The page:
ENGLAND 13 IRELAND 10
Care flight: England's Danny Care dives in to score the decisive try against Ireland. Photo: Andrew Matthews
A second-half Danny Care try helped England to a 13-10 victory over Ireland in a thrilling encounter at Twickenham Saturday to keep their Six Nations rugby championship hopes very much alive.
Duncan Weir was the hero for Scotland in the day's other match as his last-gasp drop goal gave his side their first victory of the campaign, 21-20 against Italy in Rome.
England should have had a try as early as the sixth minute but Jonny May had the ball ripped from his hands by Conor Murray when poised to score. However the home side still went in ahead at the break thanks to an Owen Farrell penalty.
Six Nations rugby photos: England v Ireland
Six Nations rugby photos: England v Ireland Photo: EDDIE KEOGH
|View Match Statistics|
|Players||Care (56min)||Tries||1||Tries||1||Players||Kearney (41min)|
|Players||Farrell 1/1 (100%)||Conversions||1||Conversions||1||Players||Sexton 1/1 (100%)|
|Players||Farrell 2/3 (66%)||Penalty goals||2||Penalty goals||1||Players||Sexton 1/1 (100%)|
|Players||Drop goals||0||Drop goals||0||Players|
Ireland came out the stronger and Rob Kearney cut through the English defence two minutes after the restart to score the first try of the game with Jonny Sexton slotting over the resultant conversion to move the visitors 7-3 in front.
The sides exchanged penalties in a bruising encounter before a Mike Brown line-break eventually set up Care to score under the posts.
Farrell kicked the conversion to put England 13-10 ahead although Ireland exerted significant pressure in the final ten minutes, England remained firm to seal the win.
The result leaves England, France, Wales and Ireland all tied on four points at the top of the Six Nations table although Ireland have a considerable points-difference advantage of +42, compared to +21 for England, +6 for Wales and +1 for France. Defending champions Wales trounced France 27-6 in the Friday night game.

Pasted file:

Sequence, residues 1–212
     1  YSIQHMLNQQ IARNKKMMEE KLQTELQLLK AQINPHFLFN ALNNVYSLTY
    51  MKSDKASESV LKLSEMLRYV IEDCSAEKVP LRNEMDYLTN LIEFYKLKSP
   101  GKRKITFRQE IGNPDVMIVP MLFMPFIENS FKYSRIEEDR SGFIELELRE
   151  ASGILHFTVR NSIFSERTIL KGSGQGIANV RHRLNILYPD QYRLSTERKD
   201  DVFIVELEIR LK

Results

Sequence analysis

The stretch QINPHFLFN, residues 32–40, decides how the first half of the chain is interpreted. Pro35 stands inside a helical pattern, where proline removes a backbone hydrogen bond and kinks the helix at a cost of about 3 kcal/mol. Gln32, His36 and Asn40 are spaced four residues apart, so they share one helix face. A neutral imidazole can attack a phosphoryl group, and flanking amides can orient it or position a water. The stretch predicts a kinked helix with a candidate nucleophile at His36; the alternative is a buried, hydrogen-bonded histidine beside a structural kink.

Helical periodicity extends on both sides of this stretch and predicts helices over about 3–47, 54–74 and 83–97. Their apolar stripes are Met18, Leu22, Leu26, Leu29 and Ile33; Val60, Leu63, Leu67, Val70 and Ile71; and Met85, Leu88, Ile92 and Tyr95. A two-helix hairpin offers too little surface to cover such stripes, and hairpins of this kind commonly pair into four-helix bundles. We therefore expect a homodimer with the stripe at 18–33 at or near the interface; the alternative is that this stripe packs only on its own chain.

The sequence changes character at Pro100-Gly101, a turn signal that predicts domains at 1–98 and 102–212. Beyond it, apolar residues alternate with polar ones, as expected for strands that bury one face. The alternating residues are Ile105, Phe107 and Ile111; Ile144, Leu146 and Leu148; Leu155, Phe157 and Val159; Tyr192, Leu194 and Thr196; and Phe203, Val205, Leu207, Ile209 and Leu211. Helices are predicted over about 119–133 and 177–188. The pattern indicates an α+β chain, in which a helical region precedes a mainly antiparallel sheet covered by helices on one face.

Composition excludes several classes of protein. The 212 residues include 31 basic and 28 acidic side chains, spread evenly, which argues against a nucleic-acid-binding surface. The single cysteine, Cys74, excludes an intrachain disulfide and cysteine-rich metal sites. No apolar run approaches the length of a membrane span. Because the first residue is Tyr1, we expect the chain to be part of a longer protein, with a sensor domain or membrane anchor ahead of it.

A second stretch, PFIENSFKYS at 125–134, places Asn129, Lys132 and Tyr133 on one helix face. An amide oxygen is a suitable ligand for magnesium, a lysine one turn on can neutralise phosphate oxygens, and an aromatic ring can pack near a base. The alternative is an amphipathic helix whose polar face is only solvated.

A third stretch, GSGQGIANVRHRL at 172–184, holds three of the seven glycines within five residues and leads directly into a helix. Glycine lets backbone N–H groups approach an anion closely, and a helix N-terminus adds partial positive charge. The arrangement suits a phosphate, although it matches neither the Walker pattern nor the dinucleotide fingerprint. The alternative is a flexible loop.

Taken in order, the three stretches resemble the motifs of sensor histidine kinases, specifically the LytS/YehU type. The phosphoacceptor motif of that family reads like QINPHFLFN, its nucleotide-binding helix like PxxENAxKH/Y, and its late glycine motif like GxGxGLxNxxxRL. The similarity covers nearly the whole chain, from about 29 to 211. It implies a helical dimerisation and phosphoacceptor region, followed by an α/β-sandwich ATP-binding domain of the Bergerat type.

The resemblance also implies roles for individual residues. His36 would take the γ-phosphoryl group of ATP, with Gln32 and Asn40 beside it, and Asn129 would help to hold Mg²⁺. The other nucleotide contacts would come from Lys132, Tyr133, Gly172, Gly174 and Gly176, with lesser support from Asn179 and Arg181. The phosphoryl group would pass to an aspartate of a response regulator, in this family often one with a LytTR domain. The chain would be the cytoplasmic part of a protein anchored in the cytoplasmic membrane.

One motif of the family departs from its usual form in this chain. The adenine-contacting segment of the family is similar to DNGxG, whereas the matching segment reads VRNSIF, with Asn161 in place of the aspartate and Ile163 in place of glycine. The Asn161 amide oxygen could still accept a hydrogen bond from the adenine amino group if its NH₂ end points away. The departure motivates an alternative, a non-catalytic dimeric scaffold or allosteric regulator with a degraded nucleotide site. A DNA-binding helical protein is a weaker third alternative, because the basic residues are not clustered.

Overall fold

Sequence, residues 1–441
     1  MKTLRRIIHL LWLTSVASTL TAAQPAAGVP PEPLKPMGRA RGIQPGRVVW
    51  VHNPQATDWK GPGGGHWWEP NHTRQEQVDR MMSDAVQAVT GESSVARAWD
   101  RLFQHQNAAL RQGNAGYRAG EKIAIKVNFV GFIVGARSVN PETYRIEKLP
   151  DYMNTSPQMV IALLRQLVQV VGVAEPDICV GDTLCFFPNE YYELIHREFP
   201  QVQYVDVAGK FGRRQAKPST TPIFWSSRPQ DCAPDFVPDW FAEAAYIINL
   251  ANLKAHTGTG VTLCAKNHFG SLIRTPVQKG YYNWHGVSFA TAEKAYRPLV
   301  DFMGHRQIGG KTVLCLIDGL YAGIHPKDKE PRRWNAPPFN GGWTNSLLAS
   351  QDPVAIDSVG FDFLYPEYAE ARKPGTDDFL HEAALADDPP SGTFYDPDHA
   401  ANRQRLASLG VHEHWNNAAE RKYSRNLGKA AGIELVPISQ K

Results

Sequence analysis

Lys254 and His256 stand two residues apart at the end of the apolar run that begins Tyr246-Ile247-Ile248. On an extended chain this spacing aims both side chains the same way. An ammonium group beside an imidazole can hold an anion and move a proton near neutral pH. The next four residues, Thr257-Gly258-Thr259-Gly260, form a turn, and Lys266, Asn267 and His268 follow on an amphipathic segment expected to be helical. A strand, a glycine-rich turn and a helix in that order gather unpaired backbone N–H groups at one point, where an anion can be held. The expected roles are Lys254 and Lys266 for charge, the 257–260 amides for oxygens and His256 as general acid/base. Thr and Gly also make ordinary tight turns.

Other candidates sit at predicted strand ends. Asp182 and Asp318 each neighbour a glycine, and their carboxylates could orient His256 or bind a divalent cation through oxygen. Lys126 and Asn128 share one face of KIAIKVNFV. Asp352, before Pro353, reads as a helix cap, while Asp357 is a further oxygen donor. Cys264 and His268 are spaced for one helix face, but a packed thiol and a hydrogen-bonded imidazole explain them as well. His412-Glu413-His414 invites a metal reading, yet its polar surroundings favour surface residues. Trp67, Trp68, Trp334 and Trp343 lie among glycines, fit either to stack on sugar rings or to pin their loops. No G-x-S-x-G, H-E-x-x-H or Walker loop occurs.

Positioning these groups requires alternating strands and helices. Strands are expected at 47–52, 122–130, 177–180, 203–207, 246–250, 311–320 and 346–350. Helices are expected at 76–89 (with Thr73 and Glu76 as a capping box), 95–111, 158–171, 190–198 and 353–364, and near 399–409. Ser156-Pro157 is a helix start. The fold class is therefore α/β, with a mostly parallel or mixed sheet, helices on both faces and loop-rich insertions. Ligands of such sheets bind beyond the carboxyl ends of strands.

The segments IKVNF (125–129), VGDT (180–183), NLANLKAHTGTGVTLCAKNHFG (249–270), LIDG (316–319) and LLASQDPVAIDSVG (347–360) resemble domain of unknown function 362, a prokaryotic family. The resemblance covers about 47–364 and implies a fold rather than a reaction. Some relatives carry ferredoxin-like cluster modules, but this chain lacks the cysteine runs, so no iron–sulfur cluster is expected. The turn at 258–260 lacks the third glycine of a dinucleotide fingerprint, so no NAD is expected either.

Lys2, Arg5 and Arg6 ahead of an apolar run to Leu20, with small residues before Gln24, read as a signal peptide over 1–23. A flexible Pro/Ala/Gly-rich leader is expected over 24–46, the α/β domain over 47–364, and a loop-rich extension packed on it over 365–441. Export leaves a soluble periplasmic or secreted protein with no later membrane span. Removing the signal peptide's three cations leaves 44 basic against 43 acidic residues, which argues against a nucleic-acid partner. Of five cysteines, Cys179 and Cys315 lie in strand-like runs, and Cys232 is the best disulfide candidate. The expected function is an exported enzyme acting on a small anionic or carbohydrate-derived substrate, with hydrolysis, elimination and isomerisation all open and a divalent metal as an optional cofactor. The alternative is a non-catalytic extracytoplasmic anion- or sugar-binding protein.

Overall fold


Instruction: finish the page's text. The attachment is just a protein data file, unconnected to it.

"It was a proper Test match, two quality sides going at it and I thought we were excellent throughout. We showed a real maturity in seeing the game out," England coach Stuart Lancaster told the BBC.
"Given the experience and form of the Ireland team and some of the relative inexperience in our team I was just so proud of them and I am delighted for them. Ireland threw everything at us but once we got that lead we just clung on."
Earlier Saturday, Scotland prevailed in the probable Wooden Spoon encounter against Italy thanks to Weir's late heroics.
Italy led 13-3 at the break thanks to a Tommaso Allan try just before the half-time whistle, with the Italian fly-half also converting and kicking two earlier penalties.
Scotland's only points of the first period came from the boot of Greig Laidlaw, who reduced the deficit further with another penalty before Alex Dunbar powered over in the right corner on 54 minutes for Scotland's first try of the tournament.
Laidlaw missed the chance to level the scores when his conversion attempt drifted wide but Scotland moved in front for the first time with another Dunbar try on 67 minutes, which Weir successfully converted.
The lead lasted just two minutes, however, as Joshua Furno crossed over in the corner for his first try for Italy, with replacement Luciano Orquera slotting over the conversion to open up a 20-18 lead.
However, Weir broke the home side's hearts with his drop goal effort to secure the narrowest of wins.
Defeat left Italy winless through three rounds, while Scotland earned some redemption in rebounding from a 20-0 home loss to England, regarded as one of their worst displays ever.
"It's all a big blur to be honest," Weir said.
"You just have to go back to basics, get your ball drop right, and I managed to execute it. It's a great feeling and I am delighted for the boys we have come away with the win. We can kick on from here now."